In just a couple of weeks, most people in the United States will have to have filed their tax returns to the Internal Revenue Service. Some people may have received extensions, but most will need to have them mailed by April 18. For those who are just getting to their filings, it is understandable to be a little stressed out about this task and, under such stress, it is conceivable that you will make a mistake or two.
Making mistakes like this is common, and most tax filings that have minor math errors are simply corrected by the IRS. The agency realizes that the tax code is complicated and if the error is honest in nature, then the IRS won't take any action. If the error is still honest in nature but egregious enough that action needs to be taken, then the IRS will declare your mistake "tax negligence" and probably fine you for the infraction.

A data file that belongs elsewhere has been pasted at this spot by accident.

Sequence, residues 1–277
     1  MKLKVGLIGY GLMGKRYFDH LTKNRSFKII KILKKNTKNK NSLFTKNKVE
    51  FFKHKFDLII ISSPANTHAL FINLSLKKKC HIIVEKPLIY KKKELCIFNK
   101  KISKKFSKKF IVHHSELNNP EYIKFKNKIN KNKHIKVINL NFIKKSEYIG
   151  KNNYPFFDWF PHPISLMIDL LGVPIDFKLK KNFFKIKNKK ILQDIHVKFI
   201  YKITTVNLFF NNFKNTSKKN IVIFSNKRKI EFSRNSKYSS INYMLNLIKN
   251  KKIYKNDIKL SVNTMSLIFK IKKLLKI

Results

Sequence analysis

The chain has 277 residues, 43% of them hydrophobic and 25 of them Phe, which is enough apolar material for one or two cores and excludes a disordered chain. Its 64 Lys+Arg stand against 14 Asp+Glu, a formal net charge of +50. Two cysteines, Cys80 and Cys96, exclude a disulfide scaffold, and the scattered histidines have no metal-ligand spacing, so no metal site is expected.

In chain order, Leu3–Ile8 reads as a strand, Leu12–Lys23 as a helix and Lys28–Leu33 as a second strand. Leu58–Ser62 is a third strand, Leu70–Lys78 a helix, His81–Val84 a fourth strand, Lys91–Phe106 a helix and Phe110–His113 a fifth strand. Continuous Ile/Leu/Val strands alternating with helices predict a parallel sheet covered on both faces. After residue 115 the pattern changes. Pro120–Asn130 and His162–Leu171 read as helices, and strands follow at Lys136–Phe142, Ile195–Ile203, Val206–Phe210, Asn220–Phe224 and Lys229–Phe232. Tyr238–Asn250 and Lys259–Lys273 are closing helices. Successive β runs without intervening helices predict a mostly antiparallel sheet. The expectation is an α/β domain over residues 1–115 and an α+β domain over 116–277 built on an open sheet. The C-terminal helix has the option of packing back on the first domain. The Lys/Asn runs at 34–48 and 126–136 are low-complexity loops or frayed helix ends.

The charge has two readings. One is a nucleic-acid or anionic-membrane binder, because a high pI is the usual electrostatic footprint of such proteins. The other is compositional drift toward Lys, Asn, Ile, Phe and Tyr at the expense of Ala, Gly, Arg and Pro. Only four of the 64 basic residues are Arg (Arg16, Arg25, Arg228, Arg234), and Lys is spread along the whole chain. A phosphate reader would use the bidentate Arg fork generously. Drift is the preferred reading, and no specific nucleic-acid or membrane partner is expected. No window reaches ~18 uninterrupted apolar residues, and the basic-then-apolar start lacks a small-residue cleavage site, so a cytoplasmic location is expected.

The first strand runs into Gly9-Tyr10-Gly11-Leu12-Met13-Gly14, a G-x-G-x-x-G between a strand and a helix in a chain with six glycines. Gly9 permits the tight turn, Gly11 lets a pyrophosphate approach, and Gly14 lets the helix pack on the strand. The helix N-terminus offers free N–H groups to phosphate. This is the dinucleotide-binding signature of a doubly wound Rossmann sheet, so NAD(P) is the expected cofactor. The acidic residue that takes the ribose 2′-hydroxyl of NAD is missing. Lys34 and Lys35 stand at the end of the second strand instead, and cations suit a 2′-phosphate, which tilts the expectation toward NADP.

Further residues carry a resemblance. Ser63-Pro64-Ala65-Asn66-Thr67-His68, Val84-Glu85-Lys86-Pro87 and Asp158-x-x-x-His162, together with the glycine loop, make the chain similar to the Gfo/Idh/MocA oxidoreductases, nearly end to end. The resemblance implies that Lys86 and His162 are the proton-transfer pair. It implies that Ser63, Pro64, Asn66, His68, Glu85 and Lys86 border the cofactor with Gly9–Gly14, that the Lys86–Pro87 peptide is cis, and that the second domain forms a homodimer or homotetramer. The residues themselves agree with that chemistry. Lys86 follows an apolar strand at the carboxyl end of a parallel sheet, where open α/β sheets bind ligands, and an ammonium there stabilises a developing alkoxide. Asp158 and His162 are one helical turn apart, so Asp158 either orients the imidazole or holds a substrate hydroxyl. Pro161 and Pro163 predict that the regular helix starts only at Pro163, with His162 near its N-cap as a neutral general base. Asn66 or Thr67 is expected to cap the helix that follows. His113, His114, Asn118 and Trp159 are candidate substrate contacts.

However, if your "mistake" turns out to be a purposeful act that you committed to avoid paying taxes or to defraud the IRS, then you would be charged with a criminal act called "tax fraud." What constitutes tax fraud? Consider the following:
- If you intentionally don't pay your taxes, then it is tax fraud
- If you intentionally don't send a tax return to the IRS, that is tax fraud
- If you intentionally make false claims, underreport income or conceal forms of income, that is tax fraud
Tax fraud is a serious charge, and anyone accused of it needs to protect their rights.
Source: FindLaw, "Income Tax: Fraud vs. Negligence," Accessed April 6, 2017